Andhra Pradesh is known for its ikat textiles and once upon a time Chirala in Prakasam district developed its own unique style of telia rumal ikats that made their way into markets in the Middle East and Africa. Known for their cooling properties because of natural dyes, these one square metre cotton cloths were used as headgear or wrapped around the neck to keep people comfortable in harsh desert climes. Y Venugopal, who runs a weaving and dyeing unit in Chirala, visited Pochampalli, where this art of weaving has found a permanent home. In an exhibition of his saris at Dastkari Haat Studio in Delhi, one sees full-bodied ikats, confident chequered grids and pliant jamdani weaves.
His curiosity and thirst to learn about weaving as a young boy took Venugopal to the Indian Institute of Handloom Technology in Salem, where he learnt various techniques of weaving. Coming from a region that is known for its textiles and a popular trading port along the coast, Venugopal realised that being entrepreneurial would yield great rewards. So when he recently met Jaya Jaitly, who asked him for a selection of his saris for her store in Meherchand Market, he didn’t think twice. “I had been to a workshop in Chirala where Venugopal was there. He brought along two of his saris and I could see he has a subtle understanding of colour and a way of making natural dye livelier than most others. He has beautiful weaves that should be encouraged,” says Jaitly, President-Founder, Dastkari Haat Samiti.
Chirala gets its name from Chira in Telugu, which means sari. Legend has it that Marco Polo mentioned the saris of this coastal town with its milky waves that could fit into a matchbox. Known as ‘mini Bombay’, it’s a hub for every kind of textile, from bedsheets and upholstery to dhotis and saris. Currently, there are about 1,600 weavers who weave on hand looms, says Venugopal, who began his weaving unit four years ago. He has 35 weavers and four dyers with him, informs Jaitly.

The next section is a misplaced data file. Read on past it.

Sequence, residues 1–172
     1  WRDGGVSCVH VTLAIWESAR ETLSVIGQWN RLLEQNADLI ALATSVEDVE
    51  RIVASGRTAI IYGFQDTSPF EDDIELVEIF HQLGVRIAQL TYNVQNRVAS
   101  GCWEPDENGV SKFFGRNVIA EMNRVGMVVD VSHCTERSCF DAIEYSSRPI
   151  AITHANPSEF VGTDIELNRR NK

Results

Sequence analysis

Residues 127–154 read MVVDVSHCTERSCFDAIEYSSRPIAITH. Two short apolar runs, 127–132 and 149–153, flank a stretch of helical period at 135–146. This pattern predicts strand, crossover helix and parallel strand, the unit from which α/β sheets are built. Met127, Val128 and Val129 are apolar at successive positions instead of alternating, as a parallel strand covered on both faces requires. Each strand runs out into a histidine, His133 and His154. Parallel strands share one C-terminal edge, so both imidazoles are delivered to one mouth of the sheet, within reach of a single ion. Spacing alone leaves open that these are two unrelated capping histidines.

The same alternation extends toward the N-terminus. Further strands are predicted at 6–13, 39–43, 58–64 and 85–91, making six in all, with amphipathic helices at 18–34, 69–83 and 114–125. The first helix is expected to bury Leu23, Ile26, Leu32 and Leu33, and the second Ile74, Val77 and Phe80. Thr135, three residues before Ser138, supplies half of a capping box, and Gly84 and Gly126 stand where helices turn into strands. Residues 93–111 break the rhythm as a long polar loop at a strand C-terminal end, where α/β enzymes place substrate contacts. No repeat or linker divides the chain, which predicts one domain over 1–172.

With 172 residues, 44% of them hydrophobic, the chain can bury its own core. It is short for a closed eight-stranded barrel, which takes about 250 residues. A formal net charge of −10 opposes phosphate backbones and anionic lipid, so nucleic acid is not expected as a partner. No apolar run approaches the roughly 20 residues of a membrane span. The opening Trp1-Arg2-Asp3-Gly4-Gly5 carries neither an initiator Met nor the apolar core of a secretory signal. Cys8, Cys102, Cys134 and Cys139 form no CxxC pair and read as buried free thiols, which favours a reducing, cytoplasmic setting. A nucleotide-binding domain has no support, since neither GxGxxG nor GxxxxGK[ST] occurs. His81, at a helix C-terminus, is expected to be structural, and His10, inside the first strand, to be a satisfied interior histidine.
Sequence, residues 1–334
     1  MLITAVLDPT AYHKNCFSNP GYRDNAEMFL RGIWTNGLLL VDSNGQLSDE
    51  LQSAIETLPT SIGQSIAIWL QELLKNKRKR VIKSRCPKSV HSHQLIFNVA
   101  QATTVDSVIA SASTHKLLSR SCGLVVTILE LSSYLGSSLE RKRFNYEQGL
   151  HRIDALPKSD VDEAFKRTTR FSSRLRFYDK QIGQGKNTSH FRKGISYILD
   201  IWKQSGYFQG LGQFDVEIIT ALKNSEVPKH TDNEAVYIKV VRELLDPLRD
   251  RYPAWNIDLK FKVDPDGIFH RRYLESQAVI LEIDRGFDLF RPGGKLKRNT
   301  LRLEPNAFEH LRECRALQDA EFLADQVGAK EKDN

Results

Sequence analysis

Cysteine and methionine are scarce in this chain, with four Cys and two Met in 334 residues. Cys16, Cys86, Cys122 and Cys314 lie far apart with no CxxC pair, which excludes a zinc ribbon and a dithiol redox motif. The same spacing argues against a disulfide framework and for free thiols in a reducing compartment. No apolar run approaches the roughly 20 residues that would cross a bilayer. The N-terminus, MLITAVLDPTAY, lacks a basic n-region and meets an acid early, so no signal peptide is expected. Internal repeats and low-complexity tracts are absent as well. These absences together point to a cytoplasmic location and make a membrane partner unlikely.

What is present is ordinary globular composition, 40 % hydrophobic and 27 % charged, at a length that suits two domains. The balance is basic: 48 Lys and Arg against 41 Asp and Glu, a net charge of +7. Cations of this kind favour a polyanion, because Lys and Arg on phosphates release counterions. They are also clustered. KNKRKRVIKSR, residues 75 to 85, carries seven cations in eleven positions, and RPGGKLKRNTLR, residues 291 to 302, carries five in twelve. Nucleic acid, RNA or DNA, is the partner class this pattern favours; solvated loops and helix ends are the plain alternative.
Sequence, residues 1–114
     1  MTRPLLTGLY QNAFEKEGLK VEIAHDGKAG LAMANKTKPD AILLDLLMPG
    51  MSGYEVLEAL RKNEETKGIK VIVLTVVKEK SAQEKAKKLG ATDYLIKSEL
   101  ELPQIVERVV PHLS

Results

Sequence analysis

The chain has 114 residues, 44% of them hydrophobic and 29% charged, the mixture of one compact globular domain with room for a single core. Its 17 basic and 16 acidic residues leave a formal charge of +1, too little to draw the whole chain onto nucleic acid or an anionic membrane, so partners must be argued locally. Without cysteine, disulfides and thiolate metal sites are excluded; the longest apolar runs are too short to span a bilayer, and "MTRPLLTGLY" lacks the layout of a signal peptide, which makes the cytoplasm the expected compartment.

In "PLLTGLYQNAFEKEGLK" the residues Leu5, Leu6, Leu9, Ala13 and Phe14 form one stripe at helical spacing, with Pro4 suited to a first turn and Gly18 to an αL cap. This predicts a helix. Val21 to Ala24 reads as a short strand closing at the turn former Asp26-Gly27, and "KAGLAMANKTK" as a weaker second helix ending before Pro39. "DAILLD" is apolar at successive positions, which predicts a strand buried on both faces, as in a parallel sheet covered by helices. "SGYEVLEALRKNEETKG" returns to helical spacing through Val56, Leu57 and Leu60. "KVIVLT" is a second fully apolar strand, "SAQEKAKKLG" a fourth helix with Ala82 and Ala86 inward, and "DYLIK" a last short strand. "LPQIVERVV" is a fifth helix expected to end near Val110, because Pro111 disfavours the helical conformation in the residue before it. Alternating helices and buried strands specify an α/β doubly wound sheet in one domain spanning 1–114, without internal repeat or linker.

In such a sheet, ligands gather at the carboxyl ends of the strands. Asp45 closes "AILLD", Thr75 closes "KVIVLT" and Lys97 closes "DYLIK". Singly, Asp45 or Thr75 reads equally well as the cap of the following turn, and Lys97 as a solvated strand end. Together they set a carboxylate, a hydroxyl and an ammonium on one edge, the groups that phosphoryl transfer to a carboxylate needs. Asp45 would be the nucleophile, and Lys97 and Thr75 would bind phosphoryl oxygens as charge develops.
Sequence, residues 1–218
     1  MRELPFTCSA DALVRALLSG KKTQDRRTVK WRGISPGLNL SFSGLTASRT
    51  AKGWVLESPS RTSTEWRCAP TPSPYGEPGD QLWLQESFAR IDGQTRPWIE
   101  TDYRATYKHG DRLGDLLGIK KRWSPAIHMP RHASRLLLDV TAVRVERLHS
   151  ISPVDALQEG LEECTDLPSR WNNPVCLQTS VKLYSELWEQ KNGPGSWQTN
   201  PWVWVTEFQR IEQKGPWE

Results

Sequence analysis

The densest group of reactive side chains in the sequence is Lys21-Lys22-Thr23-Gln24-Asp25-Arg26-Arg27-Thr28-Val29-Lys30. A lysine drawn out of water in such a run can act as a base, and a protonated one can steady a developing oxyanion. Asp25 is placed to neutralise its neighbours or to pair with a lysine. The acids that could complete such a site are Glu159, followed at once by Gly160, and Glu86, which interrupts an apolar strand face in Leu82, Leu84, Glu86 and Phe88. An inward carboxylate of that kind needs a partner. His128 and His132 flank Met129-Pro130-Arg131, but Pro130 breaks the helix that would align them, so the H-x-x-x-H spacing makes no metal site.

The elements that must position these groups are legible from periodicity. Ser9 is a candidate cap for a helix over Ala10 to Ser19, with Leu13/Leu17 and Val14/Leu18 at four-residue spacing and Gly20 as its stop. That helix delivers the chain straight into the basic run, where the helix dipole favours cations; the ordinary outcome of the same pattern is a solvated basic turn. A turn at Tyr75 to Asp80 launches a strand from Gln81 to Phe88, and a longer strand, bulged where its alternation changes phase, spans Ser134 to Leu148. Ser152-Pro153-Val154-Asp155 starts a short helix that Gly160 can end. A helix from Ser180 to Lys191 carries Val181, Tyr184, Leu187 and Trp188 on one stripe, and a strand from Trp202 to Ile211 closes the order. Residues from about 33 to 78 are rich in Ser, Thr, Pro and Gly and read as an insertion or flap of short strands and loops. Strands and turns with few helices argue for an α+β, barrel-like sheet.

For his first outing in the Capital, he has brought nearly 30 cotton saris that have broad ikats, checks with white and black background, and simple jamdhani weaves of blue and red on white. All done in natural dyes, Venugopal explains how he uses materials to get the colours he wants. “I procure khadi yarns, which are then dyed in natural materials. For instance, for yellow, I use pomegranate skin, or marigold flowers or turmeric, there are annatto seeds for orange, madder root for red and indigo for blue,” says the 42-year-old. He sticks to traditional mordants such as alum, ferrous sulphate, copper sulphate and potassium dichromate to ensure the colour is fast and the fabric is protected.
His 10 years as a dyer for Dastkar Andhra show his assertive use of colours in his ikats, where greys and yellows, and pinks and madder come together rather well. While he has worked with textile designers, Venugopal also retails his saris in shops in Tamil Nadu, Odisha, Kerala and Pune, where he worked with students from Symbiosis. He is currently attempting a blend of ikat and jamdani techniques for his next creation.